When the distinguished visitor asked Tim, my very intelligent and media-savvy student, why he was taking my class "This Is Your Brain on the Internet," Tim answered, "Because it suddenly makes sense of all the things I like to do and that don't count anywhere else." He is on his way to a solid A in this peer-driven, peer-evaluated, media-heavy, and collaboratively organized class, but that grade does not begin to comprehend the leadership role he has assumed, the eloquence of his media skills, his dexterity at collaborative project management, or his innovative "fire starter" personality. I wish I could give him badges for all of these things!
What are badges? First, a badge is a recognized visual (physical or virtual) device or ornament or (heaven forbid!) piece of jewelry that typically designates in its design the symbol, insignia, colors, or name of the organization conferring it. That's important. That is, the very design of the badge acknolwedges the issuing body or community that has, collectively, agreed upon what counts as the minimum requirement for the badge.
Second, there is some equally visual symbolic representation of the knowledge, skill, goal, or feat for which the badge denotes mastery, accomplishment, service, or authority (such as when taking an oath to become a fire fighter).
Third, the badge has to be accepted by a larger community as a legitimization of that which it represents. It stands in as the end result of a longer, hidden institutional process. A badge is a means of identification with the issuing organization, a conferal of some kind of status (as having met the requirements of that organization or of being employed by them). Badges can be used as advertisement or for branding too, but that is a bit different than what the Girl Scouts give out. We know "legitimization" is one implicit part of badging because, of course, the system is susceptible to parody or misappropriation (in researching girl scout badges I wandered into the whole world of porn badges . . . big surprise, that!) Or, for a hilarious treat: "WE DON'T NEED NO STINKIN BADGES": http://www.youtube.com/watch?v=VqomZQMZQCQ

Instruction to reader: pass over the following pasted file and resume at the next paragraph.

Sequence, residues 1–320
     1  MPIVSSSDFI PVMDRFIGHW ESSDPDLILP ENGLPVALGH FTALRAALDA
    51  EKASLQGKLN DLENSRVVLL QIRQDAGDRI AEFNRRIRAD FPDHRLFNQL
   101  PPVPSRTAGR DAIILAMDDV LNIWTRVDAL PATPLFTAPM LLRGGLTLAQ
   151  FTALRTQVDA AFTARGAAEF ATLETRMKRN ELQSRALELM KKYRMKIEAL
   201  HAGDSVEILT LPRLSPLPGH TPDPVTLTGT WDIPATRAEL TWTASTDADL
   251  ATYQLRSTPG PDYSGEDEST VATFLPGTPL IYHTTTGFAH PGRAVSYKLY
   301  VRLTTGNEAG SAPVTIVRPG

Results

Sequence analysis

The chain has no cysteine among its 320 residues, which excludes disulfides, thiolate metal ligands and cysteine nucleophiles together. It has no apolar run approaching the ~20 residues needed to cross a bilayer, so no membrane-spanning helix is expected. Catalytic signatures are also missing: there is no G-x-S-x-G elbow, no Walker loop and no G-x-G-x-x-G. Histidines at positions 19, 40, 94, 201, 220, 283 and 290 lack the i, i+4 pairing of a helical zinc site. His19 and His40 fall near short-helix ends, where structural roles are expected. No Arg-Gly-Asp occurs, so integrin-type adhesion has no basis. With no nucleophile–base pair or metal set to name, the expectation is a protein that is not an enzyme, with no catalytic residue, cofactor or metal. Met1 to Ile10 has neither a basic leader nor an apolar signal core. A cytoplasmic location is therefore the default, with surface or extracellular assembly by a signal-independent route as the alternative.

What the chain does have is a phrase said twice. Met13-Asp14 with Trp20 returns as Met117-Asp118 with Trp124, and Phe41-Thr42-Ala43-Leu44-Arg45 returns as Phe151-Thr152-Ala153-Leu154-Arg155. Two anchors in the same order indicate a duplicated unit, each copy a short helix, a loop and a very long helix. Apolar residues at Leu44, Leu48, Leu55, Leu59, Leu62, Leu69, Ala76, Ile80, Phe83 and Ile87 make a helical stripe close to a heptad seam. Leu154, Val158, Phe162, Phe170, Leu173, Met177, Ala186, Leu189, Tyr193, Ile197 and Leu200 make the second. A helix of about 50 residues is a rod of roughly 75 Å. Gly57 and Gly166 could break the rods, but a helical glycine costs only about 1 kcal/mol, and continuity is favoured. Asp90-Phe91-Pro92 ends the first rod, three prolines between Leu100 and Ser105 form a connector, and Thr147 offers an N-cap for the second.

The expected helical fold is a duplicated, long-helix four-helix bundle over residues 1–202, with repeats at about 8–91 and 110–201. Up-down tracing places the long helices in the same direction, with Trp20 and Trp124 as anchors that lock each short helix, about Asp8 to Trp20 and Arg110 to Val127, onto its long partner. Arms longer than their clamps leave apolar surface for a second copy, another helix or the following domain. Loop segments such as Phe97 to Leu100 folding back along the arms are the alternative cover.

Fourth, the badge has to not just credentialize or certify learning but should also motivate it. By organizing a set of skills and interests (such as Tim's multimedia talents) into an actual, definable, measurable skill capable of assessment and judgment, badges inspire students to greater mastery. A hobby becomes definable as an intellectual, creative asset, something to be tended, improved, honed, perfected, advanced, and innovated. As with a game challenge, attainment becomes the floor not the end point, it becomes a step on a way towards even greater mastery. The badge inspires a certain form of learning by naming it and honoring it.
Now let's go back to Tim. If I had established a badge system in "This Is Your Brain on the Internet," I might well have had the class help me design the badge and then might have also worked with them to develop community standards or even a community certification group for deciding who had achieved badges in what area. Tim might have left the class with (a) a grade for the class; (b) a visual badge on his website that someone could click on and then find out all the various things Tim did to earn that badge in my class; and (c) several lines on his resume. That's something we'll work on the last day of class, thinking about the skills students learned in this unique, peer-driven class that one doesn't usually learn in a normal, hierarchical class where the teacher has the questions and the students write the best answers on the final exam.
Badges are useful for certifying complex processes or skills that are not comprehended in our traditional grading systems. Think about what those are. According to most employers, the skills we do not grade are often the ones most important to future success in the work place. What we do not grade--interpersonal skills, collaborative skills, imagination, innovative, initiative, independence--are most of the things employers most want in future employees. At present, education, including higher education, doesn't have a system for measuring or counting those things. That's why a number of us have begun to investigate badging. And why the Mozilla Foundation is pioneering an Open Badge Project. Want to know more? Check it out here: http://openmatt.wordpress.com/2011/03/17/badges-in-the-real-world/
And, in the meantime, I'm hoping to give Tim the Firestarter Multimedia Expert Badge . . . he's not only exemplifying his skills. Today, he is coming into my other class, "Twenty-First Century Literacies," to work with the other students on perfecting their own video and multimedia editing and presentation skills.
Why do badges work better than grades? Obviously they don't in all situations. For over a hundred years grades have represented or summarized a teacher's estimation of the worth of a student as quantified by a series of tests, often of the item-response variety (invented in 1914). Badges are simply another way, a more flexible way, of certifying a range of skills that our machine-age multiple choice mode of testing doesn't fully comprehend but that are crucial to the ways we live, work, and learn.